"China's current diplomatic style is distinctly belligerent, and this has been the case for a number of years now," said Mark Harrison, a senior lecturer in Chinese studies at the University of Tasmania in Australia.
"China's diplomacy was also so in the Mao period, especially when radicals took control of the Ministry of Foreign Affairs during the Cultural Revolution, and their language reflected those politics," Harrison said. "The rhetoric today is more nationalist, but China is also a global superpower, so its international actions have a greater impact."
Taiwan appears to have reversed decades of isolation in just a matter of weeks, but where does it go from here?
Membership in the U.N. or other international organizations appears unlikely, as does the prospect of countries switching recognition from Beijing to Taipei. Taiwan's best bet will likely be to expand its unofficial relationships with capitals around the world as much as possible in order to solidify its gains.
This moment harks back to the days when Taiwan's authoritarian government, Chiang Kai-shek's Republic of China, which was based in China until it lost to Mao's Communists in 1949, fought for recognition over which was the rightful government of China. Back then, the struggle was one of dollar diplomacy, with both Chiang's Kuomintang and Beijing's Chinese Communist Party seeking to buy friends and allies.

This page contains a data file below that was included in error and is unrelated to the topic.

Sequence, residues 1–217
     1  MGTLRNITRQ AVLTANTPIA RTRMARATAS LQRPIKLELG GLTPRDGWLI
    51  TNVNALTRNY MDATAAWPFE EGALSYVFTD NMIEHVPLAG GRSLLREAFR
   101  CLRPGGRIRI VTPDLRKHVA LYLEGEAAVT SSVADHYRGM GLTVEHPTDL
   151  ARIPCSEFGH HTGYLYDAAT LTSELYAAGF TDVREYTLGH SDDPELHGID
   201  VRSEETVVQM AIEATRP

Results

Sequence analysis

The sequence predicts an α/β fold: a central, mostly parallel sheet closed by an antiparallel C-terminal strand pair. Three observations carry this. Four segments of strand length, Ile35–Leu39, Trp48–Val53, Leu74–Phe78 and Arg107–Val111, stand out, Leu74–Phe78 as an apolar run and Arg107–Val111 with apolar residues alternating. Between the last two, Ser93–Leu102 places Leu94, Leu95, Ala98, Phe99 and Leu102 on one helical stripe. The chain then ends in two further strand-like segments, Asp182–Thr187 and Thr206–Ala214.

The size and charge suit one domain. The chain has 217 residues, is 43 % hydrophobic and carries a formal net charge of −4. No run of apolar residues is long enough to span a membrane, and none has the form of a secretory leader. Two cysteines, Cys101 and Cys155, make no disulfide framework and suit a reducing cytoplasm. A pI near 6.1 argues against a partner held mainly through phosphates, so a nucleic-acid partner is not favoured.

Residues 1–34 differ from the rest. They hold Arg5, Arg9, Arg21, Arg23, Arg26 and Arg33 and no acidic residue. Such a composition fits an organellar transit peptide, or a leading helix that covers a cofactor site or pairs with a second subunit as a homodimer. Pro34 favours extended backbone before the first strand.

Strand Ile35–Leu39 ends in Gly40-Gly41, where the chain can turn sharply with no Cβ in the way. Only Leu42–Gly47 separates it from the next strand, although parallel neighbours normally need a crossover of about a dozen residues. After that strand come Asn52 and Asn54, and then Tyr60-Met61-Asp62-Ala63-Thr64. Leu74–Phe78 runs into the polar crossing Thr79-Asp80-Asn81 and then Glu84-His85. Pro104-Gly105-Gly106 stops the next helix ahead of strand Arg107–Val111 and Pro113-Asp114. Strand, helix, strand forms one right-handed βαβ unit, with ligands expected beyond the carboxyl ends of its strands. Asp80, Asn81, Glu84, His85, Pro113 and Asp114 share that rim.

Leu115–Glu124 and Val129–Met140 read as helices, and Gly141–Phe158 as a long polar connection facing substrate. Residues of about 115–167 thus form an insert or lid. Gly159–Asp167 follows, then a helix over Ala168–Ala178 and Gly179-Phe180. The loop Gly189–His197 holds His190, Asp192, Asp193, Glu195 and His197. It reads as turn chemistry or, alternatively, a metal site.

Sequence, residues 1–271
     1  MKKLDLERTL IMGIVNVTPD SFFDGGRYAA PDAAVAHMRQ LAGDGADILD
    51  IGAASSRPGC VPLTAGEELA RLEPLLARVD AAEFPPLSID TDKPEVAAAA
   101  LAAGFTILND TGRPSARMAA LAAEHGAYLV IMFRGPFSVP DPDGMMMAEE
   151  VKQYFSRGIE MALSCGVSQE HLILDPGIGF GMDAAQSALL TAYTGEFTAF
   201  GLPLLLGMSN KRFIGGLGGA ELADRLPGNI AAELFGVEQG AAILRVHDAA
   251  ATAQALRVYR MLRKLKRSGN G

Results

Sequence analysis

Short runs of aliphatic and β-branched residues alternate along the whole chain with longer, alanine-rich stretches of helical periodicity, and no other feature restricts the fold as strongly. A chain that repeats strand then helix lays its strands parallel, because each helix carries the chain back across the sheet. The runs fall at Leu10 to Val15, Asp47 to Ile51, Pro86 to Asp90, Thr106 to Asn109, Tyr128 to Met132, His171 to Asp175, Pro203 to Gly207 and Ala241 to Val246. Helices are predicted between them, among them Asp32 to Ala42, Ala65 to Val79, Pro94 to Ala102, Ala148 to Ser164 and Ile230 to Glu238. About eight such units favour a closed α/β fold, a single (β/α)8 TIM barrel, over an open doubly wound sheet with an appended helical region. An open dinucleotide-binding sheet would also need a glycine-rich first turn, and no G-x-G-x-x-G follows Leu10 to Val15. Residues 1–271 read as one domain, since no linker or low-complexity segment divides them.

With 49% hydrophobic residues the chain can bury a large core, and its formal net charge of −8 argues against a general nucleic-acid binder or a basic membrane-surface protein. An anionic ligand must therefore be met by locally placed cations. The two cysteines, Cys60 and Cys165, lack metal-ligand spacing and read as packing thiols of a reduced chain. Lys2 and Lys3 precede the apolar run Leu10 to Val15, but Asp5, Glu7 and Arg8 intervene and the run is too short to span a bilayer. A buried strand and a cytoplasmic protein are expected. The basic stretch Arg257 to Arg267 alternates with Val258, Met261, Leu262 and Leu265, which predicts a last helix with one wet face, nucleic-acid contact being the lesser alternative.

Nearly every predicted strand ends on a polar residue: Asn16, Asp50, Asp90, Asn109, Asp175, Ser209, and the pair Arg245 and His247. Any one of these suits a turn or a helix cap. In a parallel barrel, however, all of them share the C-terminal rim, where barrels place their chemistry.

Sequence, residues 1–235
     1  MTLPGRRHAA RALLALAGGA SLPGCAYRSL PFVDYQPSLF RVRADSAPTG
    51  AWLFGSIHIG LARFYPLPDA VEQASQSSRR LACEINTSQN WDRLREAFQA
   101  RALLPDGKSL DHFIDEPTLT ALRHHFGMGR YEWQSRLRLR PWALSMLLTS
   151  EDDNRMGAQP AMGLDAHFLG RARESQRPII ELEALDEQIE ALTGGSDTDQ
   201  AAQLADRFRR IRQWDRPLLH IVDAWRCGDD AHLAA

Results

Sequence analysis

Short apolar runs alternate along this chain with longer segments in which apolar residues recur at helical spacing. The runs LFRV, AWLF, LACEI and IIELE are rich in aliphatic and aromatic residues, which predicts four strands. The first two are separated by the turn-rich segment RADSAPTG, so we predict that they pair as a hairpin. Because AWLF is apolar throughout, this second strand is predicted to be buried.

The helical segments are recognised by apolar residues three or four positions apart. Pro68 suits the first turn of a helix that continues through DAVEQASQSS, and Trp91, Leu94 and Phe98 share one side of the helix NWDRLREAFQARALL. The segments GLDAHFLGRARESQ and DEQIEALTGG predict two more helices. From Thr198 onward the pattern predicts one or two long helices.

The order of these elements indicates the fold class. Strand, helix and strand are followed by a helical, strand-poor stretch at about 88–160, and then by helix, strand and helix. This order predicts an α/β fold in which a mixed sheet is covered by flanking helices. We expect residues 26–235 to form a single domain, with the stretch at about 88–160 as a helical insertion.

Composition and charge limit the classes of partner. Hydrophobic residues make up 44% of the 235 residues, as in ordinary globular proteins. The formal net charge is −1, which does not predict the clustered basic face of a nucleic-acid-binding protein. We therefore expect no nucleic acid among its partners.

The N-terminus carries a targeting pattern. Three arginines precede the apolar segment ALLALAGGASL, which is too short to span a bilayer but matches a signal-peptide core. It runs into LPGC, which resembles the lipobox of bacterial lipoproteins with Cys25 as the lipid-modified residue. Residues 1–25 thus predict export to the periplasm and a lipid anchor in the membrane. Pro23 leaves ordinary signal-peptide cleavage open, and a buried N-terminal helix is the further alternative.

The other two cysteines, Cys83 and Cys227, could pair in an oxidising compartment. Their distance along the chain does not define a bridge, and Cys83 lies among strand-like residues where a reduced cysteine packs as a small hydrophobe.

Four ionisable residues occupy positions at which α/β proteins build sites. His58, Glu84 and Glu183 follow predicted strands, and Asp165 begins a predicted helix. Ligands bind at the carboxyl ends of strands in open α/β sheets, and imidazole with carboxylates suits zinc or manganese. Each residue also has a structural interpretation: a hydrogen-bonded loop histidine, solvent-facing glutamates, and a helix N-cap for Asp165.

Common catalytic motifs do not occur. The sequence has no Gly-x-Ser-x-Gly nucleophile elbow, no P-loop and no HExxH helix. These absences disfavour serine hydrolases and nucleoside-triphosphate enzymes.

"In the '70s and '80s, Taiwan had a greater level of diplomatic recognition and the People's Republic of China was only just emerging from its Maoist isolation," Harrison said. "Taiwan at that time more closely resembled China today in its belligerent diplomatic style and influence-seeking, and indeed the CCP learned much from the Kuomintang about this style of politics over many decades."
Now that Taiwan is a democracy whose ruling party identifies as Taiwanese rather than Chinese, its domestic political situation is vastly different from four decades ago. Yet, as Mark Twain famously noted, history doesn't repeat itself, but it does rhyme.
"Although the viewpoints and the politics have changed, Taiwan and China are in a period of a notably adversarial relationship," Harrison said. "This tension is driving their diplomacy towards each other, and more broadly with the rest of the world."